General Non-Fiction posted July 23, 2020

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Facing up to fear

How I tamed my bully

by Brad Bennett

How Things Actually Went Down Contest Winner 



Well, actually, it wasn't me that tamed him, not at first. Instead, it was my mother grabbing me up by the collar and dragging me out of the house that set up the deed.

"Get in the car. NOW!" She yelled at me. I got in the car.

As we drove, I sat in the seat, shaking. I had just come home sporting a bloody nose and ran up to my room crying, quivering like a terrified rabbit on my bed. Then my mother soon came in.

"Alright, what happened?" She demanded.

I looked up, trying to project terrible agony in my voice. "A really bad kid just beat me up." I blubbered out, rubbing my reddened nose.

So that's how this sad story all began. I was hoping for solace and sympathy. But, instead, I found myself sitting in my mom's old Chevy, bouncing along the dirt road leading by the old horse barn where the sadistic attack occurred. She drove on until, up ahead, I spotted my antagonist walking along the roadway.

"Is that the kid?" My mother demanded.

"Yes, that's him," I answered meekly.

She pulled over and stopped. "Get out of the car and go over there and tell him to apologize, or you will kick his pathetic little ass."

I sat somewhat in shock. "What?" I gasped. "You want me to go over and have him beat me up again? Mom, no, no! He's bigger than me, and he's mean. He'll hurt me bad this time."

My mother's face suddenly turned flaming red, her voice becoming as strong and forceful as I had ever heard her. "You go over there now and do as you're told, or you will face me, do you understand?"

I got out of the car and stood shaking in the road. "GO!" She yelled at me.

I started walking nervously over to the other kid, who by now had stopped in the road, watching me somewhat puzzled. But, in truth, I was now more scared of my mother than I was of him. She had given me a good whipping once, and I hadn't forgotten it. So my fear of him began evaporating as I weighed the consequences.

He stood there staring back at me, but as I drew nearer, on his face appeared that same stupid, vapid grin as before. That smirking, mocking, tormenting face did it! Anger fired up in my gut, fueling my fevered little brain like a runaway brush fire. I forgot about the frick'en apology.

Now I was a frothing, maddened beast. I charged into him, yelling incoherently, babbling spittle flew from my mouth. I didn't know any appropriate cuss words—all I could bring up was some dialogue I'd heard in an old Gene Autry movie.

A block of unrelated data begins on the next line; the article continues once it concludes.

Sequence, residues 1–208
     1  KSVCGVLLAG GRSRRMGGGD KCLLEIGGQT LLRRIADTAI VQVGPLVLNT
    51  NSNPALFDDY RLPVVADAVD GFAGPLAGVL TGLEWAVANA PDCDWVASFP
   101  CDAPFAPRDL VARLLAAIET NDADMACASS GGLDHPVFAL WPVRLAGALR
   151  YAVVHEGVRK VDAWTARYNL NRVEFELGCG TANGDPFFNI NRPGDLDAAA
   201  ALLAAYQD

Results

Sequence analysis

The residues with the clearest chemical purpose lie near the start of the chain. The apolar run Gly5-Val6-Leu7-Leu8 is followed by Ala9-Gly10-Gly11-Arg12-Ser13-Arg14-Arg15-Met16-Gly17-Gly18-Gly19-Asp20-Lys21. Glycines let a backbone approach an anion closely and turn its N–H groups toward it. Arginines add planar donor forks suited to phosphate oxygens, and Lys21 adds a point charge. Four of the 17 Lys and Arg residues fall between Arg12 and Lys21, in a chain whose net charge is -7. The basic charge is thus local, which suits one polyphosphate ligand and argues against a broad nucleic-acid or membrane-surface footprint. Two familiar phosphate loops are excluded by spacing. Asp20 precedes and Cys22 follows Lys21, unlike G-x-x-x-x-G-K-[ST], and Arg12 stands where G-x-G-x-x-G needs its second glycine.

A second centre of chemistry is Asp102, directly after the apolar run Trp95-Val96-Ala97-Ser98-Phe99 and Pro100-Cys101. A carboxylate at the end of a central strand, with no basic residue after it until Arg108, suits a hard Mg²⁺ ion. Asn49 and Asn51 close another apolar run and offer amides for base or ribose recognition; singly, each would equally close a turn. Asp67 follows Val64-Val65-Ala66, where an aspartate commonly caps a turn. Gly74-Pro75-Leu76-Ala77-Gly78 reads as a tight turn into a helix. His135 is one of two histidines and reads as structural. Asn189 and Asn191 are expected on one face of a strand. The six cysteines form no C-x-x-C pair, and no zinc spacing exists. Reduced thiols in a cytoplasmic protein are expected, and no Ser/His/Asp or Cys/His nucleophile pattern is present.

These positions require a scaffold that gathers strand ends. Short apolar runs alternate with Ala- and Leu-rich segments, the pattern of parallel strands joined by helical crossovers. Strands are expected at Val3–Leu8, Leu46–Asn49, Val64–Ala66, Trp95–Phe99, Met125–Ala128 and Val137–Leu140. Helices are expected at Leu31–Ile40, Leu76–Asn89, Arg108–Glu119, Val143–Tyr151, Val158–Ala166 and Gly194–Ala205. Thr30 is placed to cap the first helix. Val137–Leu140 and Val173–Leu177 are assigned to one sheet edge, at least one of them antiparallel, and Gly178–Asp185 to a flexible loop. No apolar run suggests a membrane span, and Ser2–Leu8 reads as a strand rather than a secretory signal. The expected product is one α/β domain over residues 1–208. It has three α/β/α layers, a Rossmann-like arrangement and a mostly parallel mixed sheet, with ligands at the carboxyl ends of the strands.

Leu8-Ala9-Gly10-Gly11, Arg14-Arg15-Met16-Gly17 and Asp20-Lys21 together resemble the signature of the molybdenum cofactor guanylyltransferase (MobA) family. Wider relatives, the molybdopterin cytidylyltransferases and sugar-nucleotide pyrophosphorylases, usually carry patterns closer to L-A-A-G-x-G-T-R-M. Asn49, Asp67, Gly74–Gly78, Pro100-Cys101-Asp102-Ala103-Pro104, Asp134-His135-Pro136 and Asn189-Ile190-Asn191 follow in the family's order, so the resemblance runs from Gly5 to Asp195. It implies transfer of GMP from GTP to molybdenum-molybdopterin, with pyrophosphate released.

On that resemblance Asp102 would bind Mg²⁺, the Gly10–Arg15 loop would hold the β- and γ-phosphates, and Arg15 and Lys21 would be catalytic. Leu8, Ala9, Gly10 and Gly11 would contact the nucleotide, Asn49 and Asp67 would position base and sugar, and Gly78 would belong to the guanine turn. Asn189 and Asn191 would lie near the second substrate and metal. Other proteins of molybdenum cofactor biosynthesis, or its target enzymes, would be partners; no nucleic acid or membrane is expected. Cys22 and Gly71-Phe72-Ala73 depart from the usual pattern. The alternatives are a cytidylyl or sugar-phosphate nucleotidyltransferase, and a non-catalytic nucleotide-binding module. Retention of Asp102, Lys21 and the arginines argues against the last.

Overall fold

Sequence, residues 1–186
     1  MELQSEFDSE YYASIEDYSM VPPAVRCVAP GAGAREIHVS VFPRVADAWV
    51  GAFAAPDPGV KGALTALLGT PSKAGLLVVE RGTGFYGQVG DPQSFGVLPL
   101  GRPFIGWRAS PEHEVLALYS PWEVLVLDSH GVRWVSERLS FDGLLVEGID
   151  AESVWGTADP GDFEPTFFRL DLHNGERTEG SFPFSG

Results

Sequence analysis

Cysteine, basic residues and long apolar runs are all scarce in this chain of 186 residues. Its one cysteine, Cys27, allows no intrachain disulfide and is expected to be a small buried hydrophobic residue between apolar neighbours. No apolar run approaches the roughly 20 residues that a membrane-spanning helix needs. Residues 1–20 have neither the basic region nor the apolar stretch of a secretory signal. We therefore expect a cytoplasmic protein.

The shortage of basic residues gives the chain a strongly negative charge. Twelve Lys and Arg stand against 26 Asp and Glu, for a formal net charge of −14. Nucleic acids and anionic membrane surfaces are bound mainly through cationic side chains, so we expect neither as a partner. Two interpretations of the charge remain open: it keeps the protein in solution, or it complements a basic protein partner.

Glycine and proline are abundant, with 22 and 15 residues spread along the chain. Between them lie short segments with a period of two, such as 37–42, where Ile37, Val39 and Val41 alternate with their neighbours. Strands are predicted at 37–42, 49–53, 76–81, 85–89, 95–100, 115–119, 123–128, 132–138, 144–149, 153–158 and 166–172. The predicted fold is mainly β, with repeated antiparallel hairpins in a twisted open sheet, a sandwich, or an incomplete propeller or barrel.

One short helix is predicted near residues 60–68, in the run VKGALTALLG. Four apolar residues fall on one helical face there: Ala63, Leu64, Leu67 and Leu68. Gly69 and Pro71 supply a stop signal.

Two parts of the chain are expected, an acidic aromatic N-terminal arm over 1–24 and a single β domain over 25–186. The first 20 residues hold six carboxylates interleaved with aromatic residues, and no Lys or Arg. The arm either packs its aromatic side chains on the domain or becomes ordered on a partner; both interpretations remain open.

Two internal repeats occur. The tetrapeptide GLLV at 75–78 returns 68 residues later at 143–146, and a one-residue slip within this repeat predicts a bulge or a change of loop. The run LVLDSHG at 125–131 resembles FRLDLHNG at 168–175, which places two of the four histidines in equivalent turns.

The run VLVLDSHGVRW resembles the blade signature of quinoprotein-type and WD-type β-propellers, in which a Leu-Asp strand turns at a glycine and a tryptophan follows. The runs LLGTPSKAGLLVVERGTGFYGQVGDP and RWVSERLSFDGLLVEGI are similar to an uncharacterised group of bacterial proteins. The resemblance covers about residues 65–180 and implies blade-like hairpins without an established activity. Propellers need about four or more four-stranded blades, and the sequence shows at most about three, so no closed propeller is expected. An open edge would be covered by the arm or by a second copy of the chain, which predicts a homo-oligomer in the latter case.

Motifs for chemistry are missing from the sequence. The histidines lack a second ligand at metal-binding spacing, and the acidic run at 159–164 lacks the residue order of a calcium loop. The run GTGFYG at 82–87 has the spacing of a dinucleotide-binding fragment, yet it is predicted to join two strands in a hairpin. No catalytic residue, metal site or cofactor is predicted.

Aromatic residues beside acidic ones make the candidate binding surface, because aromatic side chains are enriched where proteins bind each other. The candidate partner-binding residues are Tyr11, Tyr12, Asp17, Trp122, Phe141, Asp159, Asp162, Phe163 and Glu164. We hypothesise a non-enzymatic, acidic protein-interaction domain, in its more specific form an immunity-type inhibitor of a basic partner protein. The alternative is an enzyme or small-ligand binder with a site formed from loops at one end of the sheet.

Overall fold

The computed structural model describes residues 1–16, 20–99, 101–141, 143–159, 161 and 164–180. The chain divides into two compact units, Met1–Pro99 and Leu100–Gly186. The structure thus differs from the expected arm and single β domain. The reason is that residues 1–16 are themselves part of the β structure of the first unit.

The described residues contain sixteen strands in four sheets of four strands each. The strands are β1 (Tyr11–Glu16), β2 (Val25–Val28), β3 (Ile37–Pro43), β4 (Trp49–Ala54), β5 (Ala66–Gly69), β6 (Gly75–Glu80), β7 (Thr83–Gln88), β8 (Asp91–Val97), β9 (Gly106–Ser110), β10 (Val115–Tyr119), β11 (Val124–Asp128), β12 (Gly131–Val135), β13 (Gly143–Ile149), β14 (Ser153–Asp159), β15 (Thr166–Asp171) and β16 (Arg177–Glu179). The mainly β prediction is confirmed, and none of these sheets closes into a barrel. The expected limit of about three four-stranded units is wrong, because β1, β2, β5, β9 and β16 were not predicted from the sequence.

"You, Bush Smacking, Coyote Mongering, Snake Winder!" I screamed, flying into him like a rabid animal. Or something like that?

I swung my arms wildly, trying to hit him. He tried to fight back, but I was flaying my arms like the whirling propeller of a diving P38 fighter plane. Then, to my shocking surprise, he turned and took off running down the road. I stood there dumbfounded as he disappeared in the distance. Now I suddenly realized I had won. The victory was mine—well, sort of, I hadn't landed a single blow.

I got back into the car, but my mother said nothing to me as we drove back to the house. When we parked out front, she looked over at me. Her voice was now calm, reassuring.

"See what a bully does when you fight back." She scolded me. "Don't you ever, ever forget that! I never want to see you come home afraid of another kid again."

For the rest of the day, I wondered what had just happened? Would bullies just pull back and run if I stood up to them? Well, doubtful, but I'd found some retribution. My somewhat awkward but actual act of daring had taught me a valuable lesson. Always stand up for yourself, win, or lose.

The next day at school, I faced yet another bully who constantly terrorized the playground kids during recess. He was a heavy, sweaty, older kid who had been set back a grade. He liked to grab you and sit on you while you gasped for air. Then he'd steal whatever candy you had hidden.

He sat on me again that day, but I had talked back to him. Gave him the bad mouth, told him what I thought of him. Victorious? No. But somehow, my battered ego held a sense of victory, and it filled my spirit.

I lost my Sugar Babies that day, but life seemed a little brighter. In my mind, I had tamed him too.


How Things Actually Went Down
Contest Winner


Sometimes being brave has its own reward no matter how humiliating.
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